Traditional and Roth IRAs, rollovers and conversions
- Traditional and Roth IRAs offer tax advantages and a wide choice of investment options.
- You can evaluate the potential benefits and risks of a rollover from a 401(k) plan to an IRA. Consult with your advisor to discuss your individual situation.
- An individual retirement account (IRA) can supplement your workplace retirement plan and provide an easy way to save for a confident retirement.
Contributing to a traditional IRA or Roth IRA may generate either tax-deferred or tax-free growth on the money you contribute. These earnings are then reinvested into your account and may generate even more earnings.
Traditional and Roth IRAs
There are two primary types of IRAs – Traditional and Roth. Each offers different tax advantages and a wide variety of investment choices.
You can choose one or both depending on your tax situation and income, but all IRAs together are subject to the combined contribution limit.
- Traditional IRAs may allow you to receive a tax deduction equal to your contribution. The deductibility of a contribution is subject to income limitations depending on if you or your spouse are covered by a retirement plan at work. Distributions of tax-deductible contributions and earnings are taxed as ordinary income when withdrawn.
- Roth IRAs are always funded with after-tax contributions and you will not receive a tax deduction. Your income must be under certain limits to be able to contribute. Qualified distributions are tax-free when withdrawn.
You can make contributions throughout the year or in a lump sum by the contribution deadline (usually the tax return due date — not including extensions — in the following year). Yearly contribution limits are subject to change.
Workplace retirement plan rollovers
If you've changed jobs or recently retired, you may have multiple retirement plans with different providers. You could consider a rollover from an existing workplace retirement plan to an Ameriprise® IRA which may provide you with a more complete picture of your savings for retirement.
A workplace retirement plan rollover:
- Provides personal control over the investment of your retirement assets
- Allows a greater range of investment options than many employer retirement plans
- May provide more distribution flexibility than an employer plan
- Is not subject to a mandatory 20% withholding when rolled directly to an IRA
- Provides flexible beneficiary and estate planning options
- Maintains tax-deferred status of the account
- Sometimes you can even consider a rollover of funds while you are still working
However, there are also scenarios where it may make sense to leave assets in an employer plan. Some advantages to leaving assets in an employer qualified plan may include:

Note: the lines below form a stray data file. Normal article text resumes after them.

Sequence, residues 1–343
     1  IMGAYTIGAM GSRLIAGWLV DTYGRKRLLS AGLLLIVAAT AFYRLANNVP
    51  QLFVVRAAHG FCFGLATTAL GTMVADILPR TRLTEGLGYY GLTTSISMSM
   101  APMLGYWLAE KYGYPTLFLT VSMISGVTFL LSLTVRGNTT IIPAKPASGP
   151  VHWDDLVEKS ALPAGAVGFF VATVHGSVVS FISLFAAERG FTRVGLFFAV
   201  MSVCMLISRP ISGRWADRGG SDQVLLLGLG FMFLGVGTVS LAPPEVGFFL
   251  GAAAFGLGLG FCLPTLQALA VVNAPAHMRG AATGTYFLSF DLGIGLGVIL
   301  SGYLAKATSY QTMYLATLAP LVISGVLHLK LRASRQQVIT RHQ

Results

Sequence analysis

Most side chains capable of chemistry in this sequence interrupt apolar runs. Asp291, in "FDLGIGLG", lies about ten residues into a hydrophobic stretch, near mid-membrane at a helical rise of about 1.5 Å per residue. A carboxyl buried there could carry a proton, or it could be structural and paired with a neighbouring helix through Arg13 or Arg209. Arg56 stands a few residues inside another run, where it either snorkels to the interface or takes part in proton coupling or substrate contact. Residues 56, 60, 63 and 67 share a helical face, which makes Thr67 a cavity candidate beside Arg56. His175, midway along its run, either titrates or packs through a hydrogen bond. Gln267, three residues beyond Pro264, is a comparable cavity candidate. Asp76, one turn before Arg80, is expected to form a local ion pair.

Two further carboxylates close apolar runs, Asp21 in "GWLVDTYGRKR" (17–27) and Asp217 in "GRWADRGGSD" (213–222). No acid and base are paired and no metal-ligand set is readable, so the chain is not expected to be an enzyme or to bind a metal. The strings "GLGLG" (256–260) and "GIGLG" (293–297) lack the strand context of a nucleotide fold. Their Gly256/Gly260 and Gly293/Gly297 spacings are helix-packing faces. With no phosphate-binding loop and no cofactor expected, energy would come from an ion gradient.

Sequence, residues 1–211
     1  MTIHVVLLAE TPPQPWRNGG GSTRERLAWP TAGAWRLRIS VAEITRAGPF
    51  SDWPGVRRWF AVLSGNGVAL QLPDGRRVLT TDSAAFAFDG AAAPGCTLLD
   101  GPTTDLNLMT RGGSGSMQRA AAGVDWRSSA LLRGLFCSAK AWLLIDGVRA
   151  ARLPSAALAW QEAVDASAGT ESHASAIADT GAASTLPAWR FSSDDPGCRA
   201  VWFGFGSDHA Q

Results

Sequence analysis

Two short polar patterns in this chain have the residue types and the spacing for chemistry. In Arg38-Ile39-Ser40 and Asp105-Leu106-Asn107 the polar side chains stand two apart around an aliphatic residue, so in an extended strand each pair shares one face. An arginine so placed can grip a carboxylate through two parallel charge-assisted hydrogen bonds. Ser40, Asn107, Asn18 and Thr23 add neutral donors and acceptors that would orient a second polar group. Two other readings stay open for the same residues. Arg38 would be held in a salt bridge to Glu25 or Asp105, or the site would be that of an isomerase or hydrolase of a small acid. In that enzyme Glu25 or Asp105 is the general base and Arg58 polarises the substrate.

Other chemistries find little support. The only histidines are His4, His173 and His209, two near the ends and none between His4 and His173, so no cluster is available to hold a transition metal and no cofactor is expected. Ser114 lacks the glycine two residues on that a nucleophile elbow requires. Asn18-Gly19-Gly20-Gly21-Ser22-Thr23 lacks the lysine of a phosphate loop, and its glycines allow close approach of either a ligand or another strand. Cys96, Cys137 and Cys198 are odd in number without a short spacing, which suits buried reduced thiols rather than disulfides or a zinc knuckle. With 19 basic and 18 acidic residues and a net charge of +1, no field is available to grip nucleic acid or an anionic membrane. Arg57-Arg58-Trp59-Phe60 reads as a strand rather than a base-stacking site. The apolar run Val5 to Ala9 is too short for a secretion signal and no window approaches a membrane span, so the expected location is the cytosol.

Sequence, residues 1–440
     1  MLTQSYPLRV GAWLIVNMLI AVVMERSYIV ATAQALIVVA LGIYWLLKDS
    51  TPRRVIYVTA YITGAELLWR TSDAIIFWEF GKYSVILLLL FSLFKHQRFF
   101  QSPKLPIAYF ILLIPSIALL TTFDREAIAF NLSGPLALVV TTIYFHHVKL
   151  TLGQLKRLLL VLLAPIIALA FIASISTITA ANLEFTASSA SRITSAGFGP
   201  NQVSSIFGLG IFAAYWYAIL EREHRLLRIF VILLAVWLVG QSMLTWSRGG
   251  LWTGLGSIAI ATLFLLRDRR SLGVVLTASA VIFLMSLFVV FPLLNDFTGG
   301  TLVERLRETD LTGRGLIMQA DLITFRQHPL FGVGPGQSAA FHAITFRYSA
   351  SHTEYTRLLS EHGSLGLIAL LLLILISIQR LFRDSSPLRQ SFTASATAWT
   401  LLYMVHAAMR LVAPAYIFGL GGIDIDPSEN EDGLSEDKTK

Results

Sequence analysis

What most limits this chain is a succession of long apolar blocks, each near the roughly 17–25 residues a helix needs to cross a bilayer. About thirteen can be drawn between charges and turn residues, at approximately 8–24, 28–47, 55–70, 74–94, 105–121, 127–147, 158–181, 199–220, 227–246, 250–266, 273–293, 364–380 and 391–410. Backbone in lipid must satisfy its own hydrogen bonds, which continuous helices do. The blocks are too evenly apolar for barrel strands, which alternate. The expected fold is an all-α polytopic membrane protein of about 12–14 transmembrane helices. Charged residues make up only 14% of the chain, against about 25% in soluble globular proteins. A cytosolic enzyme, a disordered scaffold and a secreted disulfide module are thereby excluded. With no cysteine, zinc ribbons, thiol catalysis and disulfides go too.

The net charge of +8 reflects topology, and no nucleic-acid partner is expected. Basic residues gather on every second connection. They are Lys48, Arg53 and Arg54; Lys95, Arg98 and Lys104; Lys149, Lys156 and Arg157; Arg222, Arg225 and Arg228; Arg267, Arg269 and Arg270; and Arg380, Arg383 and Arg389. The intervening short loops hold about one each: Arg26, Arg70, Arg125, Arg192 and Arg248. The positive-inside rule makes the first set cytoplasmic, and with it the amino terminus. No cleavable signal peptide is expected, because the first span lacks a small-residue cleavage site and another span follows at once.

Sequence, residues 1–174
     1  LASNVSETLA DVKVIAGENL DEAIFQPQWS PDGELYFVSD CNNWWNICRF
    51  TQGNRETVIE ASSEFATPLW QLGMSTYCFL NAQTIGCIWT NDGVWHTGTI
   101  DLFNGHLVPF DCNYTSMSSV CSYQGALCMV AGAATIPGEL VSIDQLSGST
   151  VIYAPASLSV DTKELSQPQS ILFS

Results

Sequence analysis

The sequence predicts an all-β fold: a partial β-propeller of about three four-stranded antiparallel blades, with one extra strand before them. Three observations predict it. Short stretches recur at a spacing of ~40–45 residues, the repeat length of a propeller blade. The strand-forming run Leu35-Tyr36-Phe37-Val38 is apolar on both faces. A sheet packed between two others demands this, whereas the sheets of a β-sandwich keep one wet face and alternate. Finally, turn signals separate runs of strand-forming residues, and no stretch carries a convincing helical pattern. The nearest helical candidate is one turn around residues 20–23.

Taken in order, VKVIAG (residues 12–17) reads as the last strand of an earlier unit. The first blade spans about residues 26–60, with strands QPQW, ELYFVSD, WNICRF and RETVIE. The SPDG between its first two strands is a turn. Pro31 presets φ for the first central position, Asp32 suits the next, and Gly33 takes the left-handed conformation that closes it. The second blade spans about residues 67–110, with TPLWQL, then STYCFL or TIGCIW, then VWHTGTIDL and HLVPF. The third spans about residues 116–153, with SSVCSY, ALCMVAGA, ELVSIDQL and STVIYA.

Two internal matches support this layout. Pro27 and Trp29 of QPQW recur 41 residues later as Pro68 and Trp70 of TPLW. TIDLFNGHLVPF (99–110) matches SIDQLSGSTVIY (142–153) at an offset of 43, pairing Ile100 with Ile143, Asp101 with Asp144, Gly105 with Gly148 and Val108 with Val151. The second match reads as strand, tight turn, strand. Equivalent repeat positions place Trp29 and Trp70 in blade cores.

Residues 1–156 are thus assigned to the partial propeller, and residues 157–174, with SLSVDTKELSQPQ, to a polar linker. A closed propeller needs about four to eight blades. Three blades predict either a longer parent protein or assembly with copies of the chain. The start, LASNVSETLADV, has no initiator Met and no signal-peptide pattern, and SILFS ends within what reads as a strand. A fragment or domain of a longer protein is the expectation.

- Special tax treatment for an in-kind distribution of appreciated employer stock as part of a lump sum distribution
- No 10% penalty for withdrawals if you leave your employer in the year you turn 55 or later*
*For certain public safety workers in governmental plans, participants who stop working in the year they turn age 50 can avoid the 10% early withdrawal penalty and 457(b) plans don’t have a 10% early withdrawal penalty at any age.
- Protection of assets from creditors; assets in ERISA qualified plans are protected under federal law while IRA asset protection outside of bankruptcy depends on state law
- Access to low cost investments
Rollover assets to an IRA while still employed
You may be able to rollover assets from your workplace 401(k) into an IRA while you’re still employed. Ask your advisor to help you explore the pros and cons of an in-service IRA rollover strategy before you make your decision.
Roth IRA conversions
A Roth IRA offers a number of benefits that are not available with a traditional IRA or other pre-tax retirement plans, including:
- Potential tax-free growth and withdrawals
- Assets are passed on to beneficiaries tax free (if conditions are met)
- No required minimum distributions for the Roth IRA owner (non spouse beneficiaries are subject to RMDs)
A conversion of a pre-tax retirement plan to a Roth IRA is generally taxable in the year of the conversion, so it is important to weigh the costs and benefits of a Roth IRA conversion. Consult your tax advisor to learn more about the pros and cons and to help you determine if a Roth conversion is right for you.
Take the next step
Contact an Ameriprise financial advisor today to learn more about your IRA, rollover and conversion options.